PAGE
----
Ramblings and Recommendations

Hello all!

I love to read.  And, I find myself often talking about reading and books and making recommendations to my friends and neighbors (both solicited and unsolicited).  I also enjoy writing, but mostly of the stream-of-conscience brand.  So, here are my ramblings about books and reading and my recommendations.  I hope you enjoy.

Nobody Will Tell You This But Me – Bess Kalb

Memoir Monday

Bess Kalb’s memoir gives an unusual take on the genre.  The author’s grandmother, Bobby Bell, was a Jewish grandmother extraordinaire.  And, even after her death, Kalb finds herself taking a step back from her life and channels her grandmother’s voice — both real and imagined — on the events of her life. The author captures Bobby Bell’s humor, unsolicited advice, and deep love in every chapter.  An endearing tribute to family.

Cool Town: How Athens, Georgia Launched Alternative Music and Changed American Culture – Grace Elizabeth Hale

A special recommendation for all of my UGA peeps! In Cool Town, Grace Elizabeth Hale details the rise of Athen’s music scene, which she was also a part of in the late 80’s.  A nostalgic and detailed look at the characters and places that helped to build a music town that had me googling YouTube videos for hours every time I picked up the book to read a chapter.  Bonus: the author is a professor at my alma mater, the University of Virginia; so all of my Wahoo friends should pick this one up, too!

The Evening and the Morning – Ken Follett

HOT OFF THE PRESSES!

It’s unusual for me to recommend a book in an already established series, but the publication of The Evening and the Morning is perfectly timed for both new readers and established fans of Ken Follett’s Kingsbridge series.  The Pillars of the Earth, the first book in the series, follows Tom the Builder, a man whose life work is the construction of a cathedral in Kingsbridge, England.  The saga gives interesting historical details about the Middle Ages while also building a superb character-driven plot.  The Evening and the Morning takes place 200 years prior to Pillars, and follows much of the same structure.  The story follows a laborer who helps a devoted clergyman establish the township of Kingsbridge (by building the bridge from which it takes it’s name).  Because this latest novel is a prequel, you can begin here, if you haven’t already become a fan of the series.  If you loved Pillars, then you do not need any refresher to dive right into Evening.  If you haven’t already checked it out, there is a mini-series of The Pillars of the Earth starring Eddie Redmayne that sticks remarkably close to the book, which I also highly recommend.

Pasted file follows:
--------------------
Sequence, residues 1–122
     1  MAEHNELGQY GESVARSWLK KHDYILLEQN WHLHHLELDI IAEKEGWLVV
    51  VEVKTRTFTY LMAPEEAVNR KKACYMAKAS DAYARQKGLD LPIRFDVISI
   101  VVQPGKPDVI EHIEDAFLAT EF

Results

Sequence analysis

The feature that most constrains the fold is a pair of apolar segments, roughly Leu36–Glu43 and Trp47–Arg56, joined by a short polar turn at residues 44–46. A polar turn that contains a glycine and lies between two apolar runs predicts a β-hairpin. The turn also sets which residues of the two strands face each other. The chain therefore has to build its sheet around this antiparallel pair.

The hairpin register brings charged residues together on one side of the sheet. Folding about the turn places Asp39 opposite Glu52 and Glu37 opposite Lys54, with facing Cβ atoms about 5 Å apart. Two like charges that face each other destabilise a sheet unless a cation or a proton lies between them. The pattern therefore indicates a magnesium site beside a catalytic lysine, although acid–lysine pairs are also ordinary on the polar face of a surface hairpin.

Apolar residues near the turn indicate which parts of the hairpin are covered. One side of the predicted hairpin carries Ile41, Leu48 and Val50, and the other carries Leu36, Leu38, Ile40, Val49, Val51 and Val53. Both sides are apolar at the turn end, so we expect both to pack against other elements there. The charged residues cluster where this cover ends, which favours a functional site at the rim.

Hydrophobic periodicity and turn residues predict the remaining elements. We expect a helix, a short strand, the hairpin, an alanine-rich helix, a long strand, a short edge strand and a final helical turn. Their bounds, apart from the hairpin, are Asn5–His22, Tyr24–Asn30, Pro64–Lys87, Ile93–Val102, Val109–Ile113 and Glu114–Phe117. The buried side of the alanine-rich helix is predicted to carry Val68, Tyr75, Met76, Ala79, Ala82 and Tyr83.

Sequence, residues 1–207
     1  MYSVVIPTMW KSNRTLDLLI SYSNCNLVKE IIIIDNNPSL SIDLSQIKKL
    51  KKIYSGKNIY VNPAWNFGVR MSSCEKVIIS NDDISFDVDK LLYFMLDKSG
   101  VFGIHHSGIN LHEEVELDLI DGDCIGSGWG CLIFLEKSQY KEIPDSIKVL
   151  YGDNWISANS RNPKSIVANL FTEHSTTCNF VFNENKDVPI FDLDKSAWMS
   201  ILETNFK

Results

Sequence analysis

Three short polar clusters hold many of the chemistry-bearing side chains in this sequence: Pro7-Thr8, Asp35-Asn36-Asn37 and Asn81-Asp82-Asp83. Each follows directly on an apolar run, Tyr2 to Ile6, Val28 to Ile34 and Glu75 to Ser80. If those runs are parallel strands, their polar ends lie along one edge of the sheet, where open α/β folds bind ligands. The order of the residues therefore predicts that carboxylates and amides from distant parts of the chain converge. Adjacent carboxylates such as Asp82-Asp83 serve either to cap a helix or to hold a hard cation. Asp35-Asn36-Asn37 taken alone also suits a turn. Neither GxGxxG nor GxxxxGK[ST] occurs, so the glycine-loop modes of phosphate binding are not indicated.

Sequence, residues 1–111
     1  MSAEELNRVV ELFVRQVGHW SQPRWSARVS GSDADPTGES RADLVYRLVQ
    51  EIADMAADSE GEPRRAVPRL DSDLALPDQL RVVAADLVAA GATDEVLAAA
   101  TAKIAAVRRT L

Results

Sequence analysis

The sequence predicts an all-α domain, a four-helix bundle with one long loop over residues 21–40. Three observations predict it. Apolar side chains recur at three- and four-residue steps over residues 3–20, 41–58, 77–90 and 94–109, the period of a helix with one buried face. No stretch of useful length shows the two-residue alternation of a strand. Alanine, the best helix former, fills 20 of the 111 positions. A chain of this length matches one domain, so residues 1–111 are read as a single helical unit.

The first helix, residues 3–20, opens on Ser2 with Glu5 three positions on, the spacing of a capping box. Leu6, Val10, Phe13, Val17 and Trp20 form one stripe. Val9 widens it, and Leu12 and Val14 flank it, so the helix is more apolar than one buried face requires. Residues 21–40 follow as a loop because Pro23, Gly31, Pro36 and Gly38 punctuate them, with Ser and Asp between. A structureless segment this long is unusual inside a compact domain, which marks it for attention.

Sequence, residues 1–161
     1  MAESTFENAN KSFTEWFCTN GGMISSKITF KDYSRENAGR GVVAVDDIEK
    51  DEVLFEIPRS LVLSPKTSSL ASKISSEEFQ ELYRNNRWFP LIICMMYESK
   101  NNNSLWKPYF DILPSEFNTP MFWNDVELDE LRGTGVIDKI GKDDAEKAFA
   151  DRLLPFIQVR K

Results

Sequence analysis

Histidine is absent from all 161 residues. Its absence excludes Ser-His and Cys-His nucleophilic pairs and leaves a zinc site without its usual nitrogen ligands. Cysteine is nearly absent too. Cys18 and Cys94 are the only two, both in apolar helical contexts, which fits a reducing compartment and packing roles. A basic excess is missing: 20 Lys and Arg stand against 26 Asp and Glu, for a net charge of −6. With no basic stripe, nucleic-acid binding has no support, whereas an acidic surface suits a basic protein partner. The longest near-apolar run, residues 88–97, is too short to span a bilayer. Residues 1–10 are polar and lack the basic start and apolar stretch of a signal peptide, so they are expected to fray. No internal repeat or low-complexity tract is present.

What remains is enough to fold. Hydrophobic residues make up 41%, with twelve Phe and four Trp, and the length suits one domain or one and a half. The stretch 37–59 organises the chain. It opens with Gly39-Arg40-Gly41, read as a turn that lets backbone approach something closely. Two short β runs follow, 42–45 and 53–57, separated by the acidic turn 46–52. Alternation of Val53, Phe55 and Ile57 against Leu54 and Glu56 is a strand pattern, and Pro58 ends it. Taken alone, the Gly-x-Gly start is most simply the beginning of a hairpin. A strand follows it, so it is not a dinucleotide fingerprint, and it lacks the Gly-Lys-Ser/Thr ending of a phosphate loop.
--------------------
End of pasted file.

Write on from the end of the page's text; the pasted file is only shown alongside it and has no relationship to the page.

I received an advanced copy of this novel from the publisher via Edelweiss.  Thanks!

The Red Lotus – Chris Bohjalian

Chris Bohjalian knocks it out of the park (again) in his latest thriller, The Red Lotus.  New York City Emergency Room Doctor, Alexis, and her boyfriend, Austin have decided to kick their relationship up a notch by taking a vacation together.  The couple decides upon a bicycle tour of Vietnam.  Once there, Austin takes a solo side trip to visit an area where his father and uncle served in the Vietnam war.  But, Austin doesn’t return from this excursion.  When his body is found, Alexis notices a wound on his hand that makes her suspect foul play. How well did she know Austin, after all?  The unraveling of the mystery that follows introduces amazing characters and a dark and twisty plot that stuns.

The Book of Rosy: A Mother’s Story of Separation at the Border – Rosayra Pablo Cruz and Julie Schweitert Collazo

Memoir Monday

The Book of Rosy is the superior, authentic voices, non-fiction version of the controversial American Dirt by Jeanne Cummins.  Rosayra Pablo Cruz, Rosy, left her native Guatemala after her husband was murdered and her son was being threatened.  Rosy arrived in the US with her two sons immediately following a tightening of American border policy and her sons were separated from her for months.  Through the Immigrant Families Together program, Pablo Cruz sought asylum, was released, and traveled to New York to reunite with her sons.  The long and arduous process of her reunion focuses this narrative.  Collazo works with Immigrant Families Together and adds her story to the end of the narrative to shed light upon her work and the plight of other asylum seekers.  The addition of Collazo’s personal story somewhat dilutes the book, and feels unnecessary.  But the powerful and well-told story of Rosy’s journey and experiences makes this a powerful and necessary book.